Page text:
A biopsy is basically where they insert a large needle into the breast and take tissue from the area. They gave me local anaesthetic so that I couldn’t feel anything when the needle was inserted. The lady doing the procedure explained everything as she was doing it. She took 5 tissue samples, every time there was a loud snap noise. I felt the first one, but the others, not so much. I felt brave because I actually watched the needle going in and out from on the ultrasound machine. It was a big needle.

After the biopsy was done they cleaned up where the small incision was made and then I returned to the waiting room. I saw more people receiving good news. I prayed over and over again for that to be me, too.

My husband joined me and then the doctor arrived, with a nurse and the senior doctor. My stomach sank and I was scared, but knew to brace myself.

Once in the appointment room, the senior doctor said the blood work had come back inconclusive from the pathologist. She continued, saying they were quite concerned, but weren’t sure what it actually was. I asked the question again – is it breast cancer? She replied that it cannot be ruled out and that the biopsy was the only thing that could determine yes or no. She said the results would take a week, and that they’d like to see me in 7 days to go through them. She then reassured me that if it does come back as cancer, I’d be one of the youngest in the region to be diagnosed; if it is cancer, the good thing is that we’d be able to talk about treatment.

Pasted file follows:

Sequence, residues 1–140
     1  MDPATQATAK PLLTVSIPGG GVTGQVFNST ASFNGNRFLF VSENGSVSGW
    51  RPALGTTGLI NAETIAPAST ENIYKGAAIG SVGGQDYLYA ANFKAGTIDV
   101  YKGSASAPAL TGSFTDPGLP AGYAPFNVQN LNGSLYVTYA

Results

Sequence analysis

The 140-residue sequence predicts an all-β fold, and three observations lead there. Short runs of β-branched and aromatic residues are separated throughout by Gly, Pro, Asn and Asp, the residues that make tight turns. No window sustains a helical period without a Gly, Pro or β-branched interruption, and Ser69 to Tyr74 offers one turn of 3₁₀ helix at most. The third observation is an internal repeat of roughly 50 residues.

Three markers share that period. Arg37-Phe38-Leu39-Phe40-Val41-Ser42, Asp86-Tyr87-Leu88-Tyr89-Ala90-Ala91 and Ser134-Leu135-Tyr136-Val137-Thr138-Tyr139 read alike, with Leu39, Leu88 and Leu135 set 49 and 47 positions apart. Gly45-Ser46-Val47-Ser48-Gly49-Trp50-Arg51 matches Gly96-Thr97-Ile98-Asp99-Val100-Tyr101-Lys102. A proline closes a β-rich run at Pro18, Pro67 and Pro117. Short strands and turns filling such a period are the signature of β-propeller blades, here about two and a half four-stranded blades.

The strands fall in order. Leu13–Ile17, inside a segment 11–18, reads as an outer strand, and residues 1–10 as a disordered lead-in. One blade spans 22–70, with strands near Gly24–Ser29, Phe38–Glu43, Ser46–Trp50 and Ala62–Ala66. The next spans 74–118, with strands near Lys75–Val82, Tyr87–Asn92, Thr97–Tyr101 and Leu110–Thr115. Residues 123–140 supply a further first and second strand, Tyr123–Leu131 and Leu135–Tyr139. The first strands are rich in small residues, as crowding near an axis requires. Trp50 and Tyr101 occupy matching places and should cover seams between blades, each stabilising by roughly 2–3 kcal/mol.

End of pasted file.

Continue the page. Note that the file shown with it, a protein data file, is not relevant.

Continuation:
The only thing in my head after that was CANCER. Everything they said after that was a blur – my mind was elsewhere.

They gave us their contact details if we had any questions once we got home. When we got to the car, I broke down in front of my husband. He could see the pain, confusion and emotions that had built up when we were sitting with the doctors.